As I approached Bend, Oregon I came upon a place called Smith Rocks. This is a notorious climbing spot I’d heard about from many friends but never laid eyes on myself. I pulled off the highway and drove 5 minutes to a trail. And then my jaw dropped. The Crooked River cuts through Smith Rocks, making a steep-walled canyon begging to be explored, climbed and admired. I promised myself I’d be back knowing I’d keep that promise.
Smith Rocks Oregon
After leaving Smith I passed by an alpaca farm. I contemplated continuing past it but then thought “why? I’m in no rush.” I made a U-turn and pet and fed these goofy animals and was so pleased with the experience I bought myself a new hat made from their soft fur.
Yes those are a baby and mamma llama kissing and yes these guys are wearing jackets. It was chilly!
From Bend I drove to San Francisco. On the way, Mt. Shasta greeted me for the first time ever. I’d driven past her 3 other times and had never actually seen her enormous presence.
Mt. Shasta reveals from her place amongst the clouds
Shasta’s beauty and the crisp, sunny winter day inspired me to get outside and be amongst the natural world. I asked a friend who’d grown up nearby if he knew of a short hike I could take to stretch my legs and breathe some winter air. He pointed me to Lake Siskiyou and a short trail down to the head of the Sacramento River. It was a proper canyon that he uses as a starting place to go whitewater kayaking. The hike was lovely and playful with ropes and ladders to assist the icy traverse down to the river.
Beneath Box Canyon Dam and Lake Siskiyou at the head of the Sacramento River
Before getting back in my car I walked down to the lake, stood still and closed my eyes while the crisp winter wind whispered through my hair and wiggled up my sleeves.
Feeling completely refreshed I continued my drive to San Francisco arriving at my friend Pat’s house just after sunset.
Sunset between Mt. Shasta and San Francisco
Pat was a new friend I’d made during a solo backpacking trip I’d taken to some hot springs on New Year’s Eve in Big Sur. We connected instantly as we discovered the similarity of our soul’s desires to travel, explore the natural world and meet new people. We exchanged information on that trip but neither of us thought we’d actually see each other again. We walked through Golden Gate Park the next day, made dinner and listened to about 20 records as we watched El Nino clouds roll in over the Pacific. I noticed a tiny vial with a note in it hanging from his window. He said he’d gotten it as a gift at Burning Man last summer and had never opened it as he’d been waiting for the right time. He decided the time felt right and we opened the note. In it was a quote by Ralph Waldo Emerson…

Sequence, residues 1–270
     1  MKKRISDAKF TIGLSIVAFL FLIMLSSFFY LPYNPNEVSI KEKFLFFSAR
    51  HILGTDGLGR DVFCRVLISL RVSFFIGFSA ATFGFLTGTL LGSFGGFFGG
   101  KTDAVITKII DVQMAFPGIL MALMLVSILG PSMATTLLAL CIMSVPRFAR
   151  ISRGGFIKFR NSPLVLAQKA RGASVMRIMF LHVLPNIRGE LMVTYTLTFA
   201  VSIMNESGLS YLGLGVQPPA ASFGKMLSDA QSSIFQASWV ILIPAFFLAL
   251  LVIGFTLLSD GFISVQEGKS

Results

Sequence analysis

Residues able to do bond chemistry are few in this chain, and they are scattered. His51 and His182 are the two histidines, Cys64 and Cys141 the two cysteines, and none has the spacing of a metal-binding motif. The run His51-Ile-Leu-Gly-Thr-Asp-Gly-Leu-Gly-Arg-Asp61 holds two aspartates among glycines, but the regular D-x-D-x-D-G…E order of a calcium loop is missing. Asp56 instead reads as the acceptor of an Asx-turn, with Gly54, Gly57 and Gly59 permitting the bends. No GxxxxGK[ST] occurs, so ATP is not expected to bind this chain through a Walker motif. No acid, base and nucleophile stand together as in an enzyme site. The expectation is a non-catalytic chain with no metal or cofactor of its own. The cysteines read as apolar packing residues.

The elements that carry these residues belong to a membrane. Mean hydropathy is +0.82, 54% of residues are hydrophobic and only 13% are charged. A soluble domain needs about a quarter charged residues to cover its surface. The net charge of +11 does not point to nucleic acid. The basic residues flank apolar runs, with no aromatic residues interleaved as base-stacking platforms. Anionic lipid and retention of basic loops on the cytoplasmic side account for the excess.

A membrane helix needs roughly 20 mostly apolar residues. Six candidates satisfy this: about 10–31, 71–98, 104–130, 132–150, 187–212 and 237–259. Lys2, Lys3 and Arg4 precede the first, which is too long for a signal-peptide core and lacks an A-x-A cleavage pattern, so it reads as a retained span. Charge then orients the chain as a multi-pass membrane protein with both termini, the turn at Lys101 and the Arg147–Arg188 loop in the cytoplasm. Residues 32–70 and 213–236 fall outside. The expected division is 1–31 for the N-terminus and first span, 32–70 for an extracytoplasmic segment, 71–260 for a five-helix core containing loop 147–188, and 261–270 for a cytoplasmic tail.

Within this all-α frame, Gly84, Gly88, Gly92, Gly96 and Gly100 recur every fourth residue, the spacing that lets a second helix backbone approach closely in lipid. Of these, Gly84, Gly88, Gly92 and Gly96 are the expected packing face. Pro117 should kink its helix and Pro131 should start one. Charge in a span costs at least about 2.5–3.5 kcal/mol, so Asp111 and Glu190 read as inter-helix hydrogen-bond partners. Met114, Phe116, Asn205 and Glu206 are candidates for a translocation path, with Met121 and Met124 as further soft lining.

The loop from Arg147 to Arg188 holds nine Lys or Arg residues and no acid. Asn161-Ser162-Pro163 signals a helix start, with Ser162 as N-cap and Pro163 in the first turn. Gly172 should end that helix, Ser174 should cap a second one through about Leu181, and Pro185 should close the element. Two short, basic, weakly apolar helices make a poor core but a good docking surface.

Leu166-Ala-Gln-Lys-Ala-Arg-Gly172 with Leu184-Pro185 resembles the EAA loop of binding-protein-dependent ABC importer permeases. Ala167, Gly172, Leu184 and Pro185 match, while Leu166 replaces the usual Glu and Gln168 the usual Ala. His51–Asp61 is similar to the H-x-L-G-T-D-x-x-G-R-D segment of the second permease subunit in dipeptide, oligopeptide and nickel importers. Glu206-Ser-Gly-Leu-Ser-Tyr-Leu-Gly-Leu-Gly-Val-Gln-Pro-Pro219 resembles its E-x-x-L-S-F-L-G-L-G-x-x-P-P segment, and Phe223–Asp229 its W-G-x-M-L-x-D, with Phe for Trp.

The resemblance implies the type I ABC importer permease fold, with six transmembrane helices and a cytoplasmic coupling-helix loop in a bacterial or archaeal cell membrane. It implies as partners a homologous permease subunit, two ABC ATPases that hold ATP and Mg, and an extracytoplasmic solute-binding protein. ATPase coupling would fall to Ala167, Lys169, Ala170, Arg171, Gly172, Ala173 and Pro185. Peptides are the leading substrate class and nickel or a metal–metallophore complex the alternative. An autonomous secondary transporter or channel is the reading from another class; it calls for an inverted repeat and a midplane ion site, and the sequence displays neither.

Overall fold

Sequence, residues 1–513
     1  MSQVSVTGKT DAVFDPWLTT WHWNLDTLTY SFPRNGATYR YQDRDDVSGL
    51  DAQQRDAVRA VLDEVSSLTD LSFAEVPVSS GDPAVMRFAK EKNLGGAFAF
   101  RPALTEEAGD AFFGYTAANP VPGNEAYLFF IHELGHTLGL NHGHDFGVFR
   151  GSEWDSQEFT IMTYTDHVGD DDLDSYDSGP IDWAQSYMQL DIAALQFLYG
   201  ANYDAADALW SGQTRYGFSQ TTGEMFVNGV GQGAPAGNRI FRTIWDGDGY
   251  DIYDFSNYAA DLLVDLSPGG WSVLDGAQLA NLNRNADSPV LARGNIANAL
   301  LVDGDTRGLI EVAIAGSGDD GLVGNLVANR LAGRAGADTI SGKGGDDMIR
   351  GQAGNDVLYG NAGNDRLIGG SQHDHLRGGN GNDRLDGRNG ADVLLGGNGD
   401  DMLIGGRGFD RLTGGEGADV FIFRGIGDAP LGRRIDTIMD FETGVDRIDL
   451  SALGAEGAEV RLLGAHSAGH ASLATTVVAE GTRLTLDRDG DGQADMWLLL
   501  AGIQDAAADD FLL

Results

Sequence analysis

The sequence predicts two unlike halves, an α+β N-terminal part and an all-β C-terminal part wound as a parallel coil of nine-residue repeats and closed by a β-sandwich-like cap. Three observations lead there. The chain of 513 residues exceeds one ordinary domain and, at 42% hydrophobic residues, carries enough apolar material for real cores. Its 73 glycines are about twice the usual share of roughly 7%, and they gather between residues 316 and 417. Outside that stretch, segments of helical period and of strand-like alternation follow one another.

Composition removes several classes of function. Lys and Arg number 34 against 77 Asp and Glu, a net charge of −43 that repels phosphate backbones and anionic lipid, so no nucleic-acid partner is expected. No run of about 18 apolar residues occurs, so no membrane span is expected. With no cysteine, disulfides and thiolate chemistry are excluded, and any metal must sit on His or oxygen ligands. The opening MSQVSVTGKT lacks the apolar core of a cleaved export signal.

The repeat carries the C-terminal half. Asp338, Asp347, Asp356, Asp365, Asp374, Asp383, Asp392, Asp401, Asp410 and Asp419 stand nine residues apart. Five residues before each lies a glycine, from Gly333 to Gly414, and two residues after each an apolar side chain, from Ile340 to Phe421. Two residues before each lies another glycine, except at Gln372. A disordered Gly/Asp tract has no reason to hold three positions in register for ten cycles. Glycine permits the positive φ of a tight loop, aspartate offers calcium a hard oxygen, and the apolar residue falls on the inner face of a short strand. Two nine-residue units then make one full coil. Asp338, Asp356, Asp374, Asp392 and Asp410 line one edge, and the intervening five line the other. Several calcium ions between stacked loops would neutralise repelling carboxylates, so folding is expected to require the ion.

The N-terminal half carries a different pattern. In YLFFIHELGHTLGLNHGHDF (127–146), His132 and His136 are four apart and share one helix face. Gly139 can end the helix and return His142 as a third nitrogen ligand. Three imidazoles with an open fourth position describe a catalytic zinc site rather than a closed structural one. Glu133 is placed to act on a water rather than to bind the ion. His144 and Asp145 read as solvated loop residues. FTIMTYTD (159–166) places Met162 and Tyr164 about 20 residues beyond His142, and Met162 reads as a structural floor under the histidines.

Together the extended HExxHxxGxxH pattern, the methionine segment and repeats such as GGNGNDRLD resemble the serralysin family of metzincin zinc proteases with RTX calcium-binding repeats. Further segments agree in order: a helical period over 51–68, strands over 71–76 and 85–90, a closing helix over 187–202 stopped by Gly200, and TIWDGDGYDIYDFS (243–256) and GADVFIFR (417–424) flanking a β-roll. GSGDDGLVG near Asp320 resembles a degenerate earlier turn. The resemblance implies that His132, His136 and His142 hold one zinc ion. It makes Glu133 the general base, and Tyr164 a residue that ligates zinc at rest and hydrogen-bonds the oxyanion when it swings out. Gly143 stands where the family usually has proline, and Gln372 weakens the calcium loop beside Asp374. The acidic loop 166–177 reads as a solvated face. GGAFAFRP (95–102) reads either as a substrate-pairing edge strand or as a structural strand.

“Live in the Sun, Swim in the Sea, Drink the Wild Air”
It resonated deeply with my new-found freedom and what I wanted to do with it. I thought it was beautiful and I found it sitting in my car as I drove toward Big Sur the next day.
Approaching Big Sur I stopped to surf at Andrew Molera State Beach, where the Big Sur River lets out into the Pacific Ocean.
Cold water of the Big Sur River flowing from the mountains to meet the sea
Unfortunately, there was no surf, but the lack thereof didn’t stop me from feeling inspired to run free and fast down the beach hollering in the ocean wind. It felt good to use my legs and make my heart beat fast.
I walked back barefoot back to my car wanting to feel the mud gush through my toes.
Walking back I noticed something orange blinking at me from the bushes. Monarch butterflies were fluttering all around me.
I walked into the eucalyptus grove nearby and looked up at the treetops to see them dancing like fairies amongst the treetops.
I kept driving onwards to Santa Barbara leaving the rugged, beautiful coast of Big Sur.
I had ~3 days at home to get organized for my next adventure: Climbing in Red Rocks, Nevada for the next two weeks with my friend Dan. Until next time…